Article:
This Day in History – January 14 – Hijinx, Humor, and Insight


NewsWhistle is pleased to feature Gary Jenneke’s “This Day In History” column.

You can read the original at Gary’s THIS DAY IN HISTORY blog — or scroll down to enjoy Gary’s unique look at life’s comings and goings.




1514 – Pope Leo X issues a papal bull against slavery.

Good for him.

He was also known for granting indulgences. Indulgences were donations to the church to insure one’s eternal salvation. That practice was challenged by Martin Luther and his 95 Theses. Leo seriously underestimated Luther and his array of demands. The church reform that followed quickly grew into the Protestant Reformation.

As far as the Catholic Church goes, Leo was the one who let the genie out of the bottle.

pope leo x


1878 – The United States Supreme Court ruled that segregation on common carriers (such as railway cars and buses) could not be prohibited by state legislatures.

This was the high water mark for blacks during the Reconstruction Era. This ruling was challenged by southern states, and there followed a succession of rulings that favored or even mandated Jim Crow laws. The laws returned to whites the superiority over blacks that the 13th Amendment had taken away after the Civil War. This led to the Plessy vs. Ferguson Supreme Court case in 1896 challenging the premise that “separate is equal.” By ruling in favor of Ferguson and the State of Louisiana, according to, “the Supreme Court gave southern states all the permission they needed to let any remaining equality between the races fade away, to be replaced by the monstrous Jim Crow laws.

And this all led to the following events some sixty plus years later.

1963 – George Wallace sworn in as Governor of Alabama. Wallace was a proponent of segregation and said the following in his inaugural speech:

“In the name of the greatest people that have ever trod this earth, I draw the line in the dust and toss the gauntlet before the feet of tyranny, and I say segregation now, segregation tomorrow, segregation forever.”

Mankind hadn’t progressed much in those sixty years.

In 1972, while campaigning in a primary for the Democratic presidential nomination, Wallace was severely wounded in an assassination attempt, effectively ending his campaign.

I was in a dingy little beer bar in Colorado at that time, sipping on a glass of the golden delight with my brother-in-law. The news bulletin of the shooting came across the television screen. The bartender/proprietor of the joint, a crusty woman in her seventies, glanced up at the screen. With a heater dangling from her lips, her voice husky from five decades of smoking, she said, “I hate to see any man get shot…But that one could have gotten sick for a long time and I wouldn’t have cared.”



1886 – Hugh Lofting. Author of the Doctor Dolittle children’s books.

English born, trained as an engineer, Lofting was commissioned as a lieutenant and served in France during WWI. The idea for Doctor Dolittle came to Hugh Lofting after he saw the destruction of regimental horses wounded in battle. Lofting said that at the front he had been so impressed by the behavior of horses and mules under fire that he invented the little doctor to do for them what was not and could not be done in real life.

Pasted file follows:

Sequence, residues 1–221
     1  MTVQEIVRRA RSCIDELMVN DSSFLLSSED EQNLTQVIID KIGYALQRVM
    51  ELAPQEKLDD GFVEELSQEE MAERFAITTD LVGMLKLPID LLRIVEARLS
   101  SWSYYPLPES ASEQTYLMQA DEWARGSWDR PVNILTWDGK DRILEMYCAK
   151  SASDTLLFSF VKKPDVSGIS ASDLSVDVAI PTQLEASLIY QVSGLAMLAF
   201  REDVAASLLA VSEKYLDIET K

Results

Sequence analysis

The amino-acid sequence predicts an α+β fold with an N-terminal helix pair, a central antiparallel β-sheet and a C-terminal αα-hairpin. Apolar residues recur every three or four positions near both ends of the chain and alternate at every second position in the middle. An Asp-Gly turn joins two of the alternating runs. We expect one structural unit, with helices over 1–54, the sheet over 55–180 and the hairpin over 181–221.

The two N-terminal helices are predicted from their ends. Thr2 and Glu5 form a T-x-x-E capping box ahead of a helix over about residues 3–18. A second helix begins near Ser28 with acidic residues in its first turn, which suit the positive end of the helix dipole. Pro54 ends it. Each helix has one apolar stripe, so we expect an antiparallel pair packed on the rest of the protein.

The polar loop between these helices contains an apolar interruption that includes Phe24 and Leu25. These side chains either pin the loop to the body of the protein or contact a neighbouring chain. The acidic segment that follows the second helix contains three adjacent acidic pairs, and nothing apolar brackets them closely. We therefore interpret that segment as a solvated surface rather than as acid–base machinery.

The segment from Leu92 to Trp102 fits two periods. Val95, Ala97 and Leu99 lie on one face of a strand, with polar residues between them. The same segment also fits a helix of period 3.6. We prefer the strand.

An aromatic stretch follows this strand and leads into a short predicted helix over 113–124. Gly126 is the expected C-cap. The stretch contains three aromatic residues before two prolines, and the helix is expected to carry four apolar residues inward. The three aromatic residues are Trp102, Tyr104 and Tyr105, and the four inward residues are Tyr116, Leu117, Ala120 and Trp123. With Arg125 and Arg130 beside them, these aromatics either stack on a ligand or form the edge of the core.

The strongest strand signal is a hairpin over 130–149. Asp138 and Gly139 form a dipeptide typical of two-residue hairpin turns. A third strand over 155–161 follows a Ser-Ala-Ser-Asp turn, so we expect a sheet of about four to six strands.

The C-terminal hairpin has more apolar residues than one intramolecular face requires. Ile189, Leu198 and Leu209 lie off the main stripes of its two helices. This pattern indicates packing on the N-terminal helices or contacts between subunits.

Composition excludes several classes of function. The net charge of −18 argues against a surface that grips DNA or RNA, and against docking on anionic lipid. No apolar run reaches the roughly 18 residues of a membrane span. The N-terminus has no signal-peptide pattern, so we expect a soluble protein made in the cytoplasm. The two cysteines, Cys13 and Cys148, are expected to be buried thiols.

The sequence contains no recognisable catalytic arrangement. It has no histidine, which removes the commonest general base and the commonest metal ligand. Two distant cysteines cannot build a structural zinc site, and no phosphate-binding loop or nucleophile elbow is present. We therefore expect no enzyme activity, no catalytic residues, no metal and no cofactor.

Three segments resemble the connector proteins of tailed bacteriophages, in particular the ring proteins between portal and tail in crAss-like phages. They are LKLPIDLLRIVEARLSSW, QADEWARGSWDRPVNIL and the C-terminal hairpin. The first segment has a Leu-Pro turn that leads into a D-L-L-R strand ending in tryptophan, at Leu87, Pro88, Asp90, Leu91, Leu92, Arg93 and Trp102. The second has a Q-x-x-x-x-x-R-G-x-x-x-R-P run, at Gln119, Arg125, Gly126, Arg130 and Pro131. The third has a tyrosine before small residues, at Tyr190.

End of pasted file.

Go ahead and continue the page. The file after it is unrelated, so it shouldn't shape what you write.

One of my warm childhood memories is of a teacher, at the beginning of the school day, reading to us from Doctor Dolittle. The magic of the written word has stayed with me ever since.


1896 – John Dos Passos. Writer in the early part of the 20th century.

Largely forgotten now, but his influence reverberated throughout 20th-century American literature. Like Hemingway, he was an ambulance driver in WWI and later became a writer. Jean-Paul Sartre was heavily influenced by him and considered Dos Passos the greatest writer of his time. Gore Vidal, Truman Capote, and Norman Mailer all were inspired by his attention to documentary detail in fiction.

While in Spain covering the Civil War of 1936-39, his Communist beliefs were challenged by the murderous brutality of the Communist leadership there. Dos Passos and Hemingway had a falling out over this and Hemingway later wrote to F. Scott Fitzgerald that Dos Passos was a second-rate writer with no ear, and also a terrible snob.

Bully that he was, Hemingway in this era would have included the words “highly overrated.”


1906 – William Bendix. Character actor whose most dramatic performance was in Alfred Hitchcock’s “Lifeboat.”

He also starred in the comic TV series “Life of Riley.” One of his recurrent lines in the series was, “What a revolting development this is.”

That accurately sums up the state of current affairs right now.



At various junctures of his life, Gary has been an indifferent grade school student, poor high school student, good Navy radioman, one-time hippie, passable college student, inveterate traveler, dedicated writer, miscast accountant (except for one interesting stint at a Communist café), part-time screenwriting teacher, semi-proud veteran, unsuccessful retiree and new blogger.

You can reach him at



The above information was sourced from the following websites:

The Guardian

Jim Crow –

Hugh John Lofting –

We’d also like to thank the following photographers and videographers for the use of their images:

* Lead-In Image –  Dan Thornberg / – “Close up of the columns of the Supreme Court building with an American flag and the US Capitol in the background.”

* Statue of Pope Leo X – Hadrian /

* American Experience Documentary –  GovWallace /

* William Bendix, What’s My Line? – What’s My Line? /

* Outro (Man-In-Museum Cartoon) – SkyPics Studio /